Barron Road Primary School, Blackpool
Article in Steel construction – education sector supplement, January 2013
Government figures show almost 800,000 more children aged 11 or under will be eligible for state education by 2020. This means that approximately 3,200 new primary schools will be needed by the end of the decade as the pupil population soars to a 50 year high. Local authorities up and down the country are already gearing up for the highest level in the primary population since the early 1970s with a raft of construction plans. An example of this trend is the new £5M Baron Road Primary School being built in Blackpool. Scheduled to open this coming September, it will ultimately have a capacity for 420 pupils, enabling the seaside town to prepare for a rising population as well as giving parents more choice when choosing a school.
The project’s client is Blackpool Local Education Partnership (LEP) which is a Public Private Partnership between contractor Eric Wright, Blackpool Council and Northgate Managed Services. The LEP has delivered a number of education projects in the area using structural steelwork. The decision to use structural steelwork was primarily a contractor driven decision, based on past experience and the need to complete the job quickly and efficiently. “Speed of delivery and cost were the main reasons for deciding on a steel frame,” says Stephen Linforth, IBI Nightingale Project Architect. “Once the decision was taken we designed the structure around the LEP’s blueprint which included a curved building with a sloping roof.” The structure’s distinctive roof has a design driven by the proximity of the coast, while its slope is a sympathetic nod towards the adjacent residential properties.
Construction is taking place on a brownfield site close to the town’s football stadium. Due to the presence of peat, the building has adopted piled foundations and a suspended ground floor slab.
On plan the school building structure is elliptically shaped with a highly architectural design that incorporates 7m long cantilevers at either end. The building is essentially two-storey with a pitched roof that slopes in one direction. Because of the roof’s geometry one elevation is lower and consequently the upper level on this eastern side of the building accommodates plant rooms and not classrooms. “Steel was the obvious choice because of the project’s shape,” adds Ian Entwistle, Booth King Project Engineer. “To achieve the curved façades the steelwork is all faceted which is fairly straightforward, using any other material would have been more complicated.”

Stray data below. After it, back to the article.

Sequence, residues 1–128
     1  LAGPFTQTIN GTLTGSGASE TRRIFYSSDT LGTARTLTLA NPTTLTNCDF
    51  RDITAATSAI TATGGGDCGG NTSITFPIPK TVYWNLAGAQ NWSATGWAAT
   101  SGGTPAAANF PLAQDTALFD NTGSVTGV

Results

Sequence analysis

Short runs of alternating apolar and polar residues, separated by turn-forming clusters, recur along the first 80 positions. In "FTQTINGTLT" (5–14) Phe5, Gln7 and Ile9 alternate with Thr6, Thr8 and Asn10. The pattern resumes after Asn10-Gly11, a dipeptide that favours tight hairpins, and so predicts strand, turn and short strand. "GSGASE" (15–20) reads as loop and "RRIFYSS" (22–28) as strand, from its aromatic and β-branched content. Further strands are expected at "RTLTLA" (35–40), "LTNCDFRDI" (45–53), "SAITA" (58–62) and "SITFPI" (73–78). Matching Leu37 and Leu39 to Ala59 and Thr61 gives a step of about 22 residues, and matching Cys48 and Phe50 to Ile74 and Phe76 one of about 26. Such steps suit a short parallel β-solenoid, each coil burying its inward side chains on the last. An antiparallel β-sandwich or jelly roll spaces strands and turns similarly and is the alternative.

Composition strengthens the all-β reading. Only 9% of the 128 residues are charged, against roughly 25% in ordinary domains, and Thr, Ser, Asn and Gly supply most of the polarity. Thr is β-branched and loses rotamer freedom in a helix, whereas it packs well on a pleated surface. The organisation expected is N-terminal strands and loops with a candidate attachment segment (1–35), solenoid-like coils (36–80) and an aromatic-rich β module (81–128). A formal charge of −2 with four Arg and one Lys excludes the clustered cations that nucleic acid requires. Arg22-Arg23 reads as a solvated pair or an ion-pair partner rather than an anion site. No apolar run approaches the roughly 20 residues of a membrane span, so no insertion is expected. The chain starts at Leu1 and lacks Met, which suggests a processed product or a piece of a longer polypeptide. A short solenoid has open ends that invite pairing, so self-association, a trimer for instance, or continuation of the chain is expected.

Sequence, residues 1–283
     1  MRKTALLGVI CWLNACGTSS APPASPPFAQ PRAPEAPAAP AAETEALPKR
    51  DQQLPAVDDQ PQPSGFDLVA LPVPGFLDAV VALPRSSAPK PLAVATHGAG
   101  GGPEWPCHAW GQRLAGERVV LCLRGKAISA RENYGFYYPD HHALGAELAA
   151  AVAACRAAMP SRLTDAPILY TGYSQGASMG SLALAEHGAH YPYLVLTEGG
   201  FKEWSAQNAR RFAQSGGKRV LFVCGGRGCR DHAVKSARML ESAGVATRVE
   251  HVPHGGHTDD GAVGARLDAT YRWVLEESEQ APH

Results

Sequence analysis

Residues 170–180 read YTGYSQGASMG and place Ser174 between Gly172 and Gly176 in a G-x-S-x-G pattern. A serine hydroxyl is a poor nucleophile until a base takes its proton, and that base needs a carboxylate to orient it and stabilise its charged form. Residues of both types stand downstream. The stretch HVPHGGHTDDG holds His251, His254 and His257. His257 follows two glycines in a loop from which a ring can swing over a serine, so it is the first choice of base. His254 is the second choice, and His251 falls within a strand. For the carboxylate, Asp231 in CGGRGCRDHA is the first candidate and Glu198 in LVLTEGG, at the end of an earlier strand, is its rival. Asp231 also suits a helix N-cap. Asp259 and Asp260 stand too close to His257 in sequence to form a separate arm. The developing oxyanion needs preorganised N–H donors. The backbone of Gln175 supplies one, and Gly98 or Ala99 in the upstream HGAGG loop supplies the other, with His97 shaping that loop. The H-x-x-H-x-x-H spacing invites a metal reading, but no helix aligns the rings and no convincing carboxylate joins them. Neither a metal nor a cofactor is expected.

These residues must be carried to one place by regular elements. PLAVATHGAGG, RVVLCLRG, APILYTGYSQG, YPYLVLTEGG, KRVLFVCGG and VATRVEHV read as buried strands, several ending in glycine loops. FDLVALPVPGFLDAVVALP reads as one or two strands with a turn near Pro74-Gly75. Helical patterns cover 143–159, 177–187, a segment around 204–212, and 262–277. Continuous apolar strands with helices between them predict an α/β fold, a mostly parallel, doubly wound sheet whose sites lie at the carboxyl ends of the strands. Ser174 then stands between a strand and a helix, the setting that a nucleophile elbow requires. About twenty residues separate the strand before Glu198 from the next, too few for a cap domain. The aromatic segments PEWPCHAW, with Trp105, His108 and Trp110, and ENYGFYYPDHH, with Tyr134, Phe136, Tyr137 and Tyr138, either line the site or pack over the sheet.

Speed of construction using steel is always a vital component of any construction programme, and this project is no exception. Once the steel frame was erected the follow-on trades were able to begin their work and the job was able to quickly take shape and get watertight. Steelwork contractor Billington Structures erected the entire steel package in four weeks, a contract that also included installing three precast stair units. In the absence of any cores, stability during steel erection required particular attention. “We had to brace the steelwork temporarily, and these props stayed in position until we had the entire frame up,” says Jon Batty, Billington Structures Project Manager. Once the composite floors were constructed the diaphragm action of the frame stabilised the structure along with strategically positioned permanent vertical bracing.
Taking into account the elliptical shape of the structure one of the main challenges associated with steelwork concerned the irregular grid pattern. Each of the columns had to be set at a different angle to achieve the shape, while all of the steel connections – designed by Billington Structures – are unique, because of this complex geometry (see below).
Steelwork arrived on site on a just-in- time basis in erectable loads of approximately 25t each. The advantage of this was that the steel did not require storage on site.
In the absence of any large spans, the biggest being 8m in the school’s centrally positioned double height atrium, there are no exceptionally large steel elements, which meant the erection sequence was completed using just one 25t mobile crane. The largest steel members are four 12.5m long beams, each weighing 3.3t each, which are positioned in pairs at either end of the school building. These beams, supported on two columns to the rear, create the feature cantilevering canopies.
A geometry lesson
Highly architectural shapes can be created more easily with structural steelwork. Project designers will often choose steel for its ease of construction and importantly because the material is adaptable and flexible.
The main challenge on this project was the design of the steelwork connections, especially for the roof. “As the roof slopes in two directions most of the connections between the columns and roof rafters are unique,” says Kevin Morris, Billington Structures Project Designer. “The rafters are not square to the roof, they are all set at an angle.”
On many projects the connections are duplicated throughout the design, but on this school every one had to be individually designed. This was a time consuming task, but something that can be done with structural steelwork far more readily than other materials.
|Structural Engineer||Booth King Partnership|
|Steelwork Contractor||Billington Structures|
|Main Contractor||Eric Wright Construction|
|Client||Blackpool Local Education Partnership|